A brief look at some of London’s best brewers, by Jon Falcone
I was recently invited to the Old Meantime Brewery in Greenwich to get a taste for their new seasonal ale, the Bohemian Dark. Following a tour of the brewery with brewer extraordinaire Rod Jones (pictured right) - I had no idea brewing was such a science - a gang of eager taste-adventurers akin to the Bash Street Kids assembled to quaff down the new offering.
Made from Czech yeast and roasted malts, this is a dark, rich brew that has lots of low-end flavours, liquorice, coffee, and chocolate but it also has that lovely, smooth Pale Ale creaminess. Meantime is a relatively young brewery started in 2000 but has grown rapidly of late. Its ales and lagers are now available in over 400 outlets and some major supermarkets.
It’s great to see a local brewery becoming a national hero for beer lovers. The South London brewer offers some rather designer seasonal ales in bottled form as well that would easily challenge wine for depth and range of flavour and would accordingly make great gifts in their rather fancy fluted bottles.
With this in mind, and in tribute to London Fashion Week, here’s a top selection of other fashionable London brewers whose wares are certainly worth a sample.
Fullers – ‘London Pride’ (4.1% - available at The Iron Duke pub in Mayfair)
The grand dame of London brewing, Fuller Smith & Turner (as it is known today) started in 1845, though the company’s first incantation started in 1829. Brewing out of Twickenham for over 350 years, Fullers has not only helped make Twickenham the ale capital of the city but has brought some well loved London ales such as London Pride, ESB and Seafarers Ale.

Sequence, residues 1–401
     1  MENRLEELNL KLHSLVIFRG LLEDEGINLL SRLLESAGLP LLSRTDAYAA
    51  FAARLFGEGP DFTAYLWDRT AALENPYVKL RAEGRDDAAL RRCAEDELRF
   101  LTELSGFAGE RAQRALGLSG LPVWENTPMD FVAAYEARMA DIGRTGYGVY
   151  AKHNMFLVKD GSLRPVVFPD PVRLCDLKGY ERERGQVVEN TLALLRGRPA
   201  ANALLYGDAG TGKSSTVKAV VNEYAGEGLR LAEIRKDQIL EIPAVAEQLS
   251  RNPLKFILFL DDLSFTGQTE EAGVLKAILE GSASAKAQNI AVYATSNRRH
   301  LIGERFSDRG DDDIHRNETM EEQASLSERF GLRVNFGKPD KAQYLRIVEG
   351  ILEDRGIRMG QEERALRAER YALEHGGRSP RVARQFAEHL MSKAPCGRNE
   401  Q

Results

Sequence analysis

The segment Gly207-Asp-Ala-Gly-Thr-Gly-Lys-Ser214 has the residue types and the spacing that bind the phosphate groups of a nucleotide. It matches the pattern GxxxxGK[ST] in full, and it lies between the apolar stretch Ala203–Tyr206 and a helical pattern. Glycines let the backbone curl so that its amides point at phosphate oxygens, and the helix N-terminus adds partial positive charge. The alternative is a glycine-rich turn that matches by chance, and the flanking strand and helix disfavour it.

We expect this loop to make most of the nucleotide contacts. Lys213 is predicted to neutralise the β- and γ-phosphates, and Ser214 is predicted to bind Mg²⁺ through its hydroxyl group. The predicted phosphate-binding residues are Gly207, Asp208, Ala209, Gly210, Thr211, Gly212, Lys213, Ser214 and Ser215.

The Iron Duke pub on Avery Road (just opposite and down a bit from a Paul Smith sale shop) is a thin but long L-shaped pub that is adorned with old photos and offers a rich, creamy, pint of London Pride that always gives a surprisingly satisfying fullness for a 4.1% ale. Having twice won CAMRA’s Champion Best Bitter, London Pride has become as much a brand as a drink – so much so that even bawdy Top Gear chap James May has been associated with the noble drink on an advertising campaign.
Ha’penny Brewing Company Limited, ‘London Stone’ Best Bitter (4.5% - available at the Marquis of Cornwallis, 31 Marchmont Street - Bloomsbury)
A comparative baby in the brewing world and run by the duo of Chris Penny and Gavin Happe, this brewery started in 2003 and is only now beginning to look at providing beers outside of kegs for trade. Their brews are full of flavour that are turned out of their Cuckoo Hall Brewery which lies on the border between East London and Essex.
A step inside the Marquis of Cornwallis pub for a drop of the London Stone provides a seriously smooth red bitter that uses three English hops to match a malty taste with a slight zest. This is malleable ale that can comfort when huddled against cold weather and is also seriously refreshing on a pleasant day; a fine drop from a developing new brewery.
Twickenham Fine Ales, ‘Summer Down Under’ (3.9% - available at The White Swan pub, Riverside - Twickenham)
Head over to the rural chic of West London, more specifically Twickenham (or Twix, to locals) and you’ll find all manner of cosy pubs offering some fine sups from the Twickenham Fine Ale brewery. The White Swan pub on the river is particularly picturesque, on the riverbank (avoid on days after international rugby matches though – unless you like seeing burly men pull each other’s pants down and then vomit, usually whilst singing).
Another baby brewery opened in 2004 and a three man operation (Steve Brown is the brewery manager, Tom Madeiros the brewer and Anthony Pringle the drayman) the Chiswick Fine Ale company sit just north of Chiswick Green, producing 100 firkins per week of cask-conditioned ales with no adjuncts included.
The Summer Down Under is occasional ale made from Australian and New Zealand hops that provides a light, thinner ale with a bright golden colour and crisp taste that goes down very easily. It’s a perfect summer ale.
Iron Duke image courtesy of Flickr user mike_smith's_flickr.